At study start, 21 percent of the more than 7,000 EMPA-REG OUTCOMEÂ® trial participants had existing peripheral artery disease. The analysis in this patient population showed that compared with placebo, on top of standard of care:
Overall side effects and serious side effects were balanced between the empagliflozin and placebo groups in adults with and without peripheral artery disease. In the group with peripheral artery disease, lower-limb amputations occurred in 5.5 percent of those treated with empagliflozin and 6.3 percent of those treated with placebo. In the group without peripheral artery disease, lower-limb amputations occurred in 0.9 percent of those treated with empagliflozin and 0.7 percent of those treated with placebo.
âThrough ongoing sub-analyses of the EMPA-REG OUTCOMEÂ® data, we are gaining a better understanding of how empagliflozin may help a wide range of people living with type 2 diabetes and its complications,â said Dr Georg van Husen, Corporate Senior Vice President, Head of the Therapeutic Area CardioMetabolism, Boehringer Ingelheim. âThe data presented and published at the AHA Scientific Sessions showed that empagliflozin reduced the risk for cardiovascular death and kidney disease in this highly vulnerable population of people with type 2 diabetes and peripheral artery disease.â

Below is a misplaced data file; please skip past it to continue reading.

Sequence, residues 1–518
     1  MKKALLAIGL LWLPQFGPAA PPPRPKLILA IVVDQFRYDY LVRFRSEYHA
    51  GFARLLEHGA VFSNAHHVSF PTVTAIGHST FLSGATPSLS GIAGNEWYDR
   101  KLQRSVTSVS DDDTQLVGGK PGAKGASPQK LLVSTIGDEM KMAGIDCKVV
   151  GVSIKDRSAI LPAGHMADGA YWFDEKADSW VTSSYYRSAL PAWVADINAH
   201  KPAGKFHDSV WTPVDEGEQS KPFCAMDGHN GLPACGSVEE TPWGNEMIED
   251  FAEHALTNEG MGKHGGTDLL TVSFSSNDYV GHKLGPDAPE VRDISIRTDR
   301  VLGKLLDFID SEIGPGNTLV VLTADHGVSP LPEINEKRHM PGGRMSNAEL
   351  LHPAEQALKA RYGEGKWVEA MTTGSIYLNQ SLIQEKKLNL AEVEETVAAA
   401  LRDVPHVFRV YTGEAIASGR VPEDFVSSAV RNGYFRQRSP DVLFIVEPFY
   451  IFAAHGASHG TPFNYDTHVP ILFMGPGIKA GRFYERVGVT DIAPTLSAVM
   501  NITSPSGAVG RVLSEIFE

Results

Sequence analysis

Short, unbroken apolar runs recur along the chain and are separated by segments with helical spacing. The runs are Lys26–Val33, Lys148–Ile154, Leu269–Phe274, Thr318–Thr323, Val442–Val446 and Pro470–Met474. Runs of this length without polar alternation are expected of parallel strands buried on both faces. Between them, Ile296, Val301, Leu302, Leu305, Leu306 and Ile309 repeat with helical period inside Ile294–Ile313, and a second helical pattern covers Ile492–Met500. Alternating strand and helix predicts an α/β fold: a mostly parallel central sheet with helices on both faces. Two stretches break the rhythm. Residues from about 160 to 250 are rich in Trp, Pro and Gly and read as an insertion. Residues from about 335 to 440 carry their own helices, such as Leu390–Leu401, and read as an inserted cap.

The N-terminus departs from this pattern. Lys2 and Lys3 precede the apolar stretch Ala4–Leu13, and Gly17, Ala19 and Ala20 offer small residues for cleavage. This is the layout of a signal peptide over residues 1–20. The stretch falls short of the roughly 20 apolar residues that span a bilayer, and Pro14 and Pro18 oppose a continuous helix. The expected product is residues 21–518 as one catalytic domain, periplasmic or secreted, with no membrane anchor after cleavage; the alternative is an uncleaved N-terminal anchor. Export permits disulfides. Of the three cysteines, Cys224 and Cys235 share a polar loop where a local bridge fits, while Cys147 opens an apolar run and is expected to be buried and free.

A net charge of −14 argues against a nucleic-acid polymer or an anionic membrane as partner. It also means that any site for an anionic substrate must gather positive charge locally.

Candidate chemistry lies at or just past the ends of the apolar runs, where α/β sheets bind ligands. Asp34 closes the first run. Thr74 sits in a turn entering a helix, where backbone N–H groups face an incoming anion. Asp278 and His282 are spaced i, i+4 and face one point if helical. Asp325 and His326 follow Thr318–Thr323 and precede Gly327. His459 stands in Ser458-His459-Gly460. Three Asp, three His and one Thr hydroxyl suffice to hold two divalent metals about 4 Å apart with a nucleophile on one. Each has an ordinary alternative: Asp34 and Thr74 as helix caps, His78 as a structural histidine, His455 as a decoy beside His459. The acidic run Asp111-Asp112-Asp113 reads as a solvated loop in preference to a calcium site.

About Diabetes and Cardiovascular Disease
More than 415 million people worldwide have diabetes, of which 193 million are estimated to be undiagnosed.5 By 2040, the number of people with diabetes is expected to rise to 642 million people worldwide.5 T2D is the most common form of diabetes, responsible for up to 91 percent of diabetes cases in high-income countries.5 Diabetes is a chronic condition that occurs when the body either does not properly produce, or use, the hormone insulin.5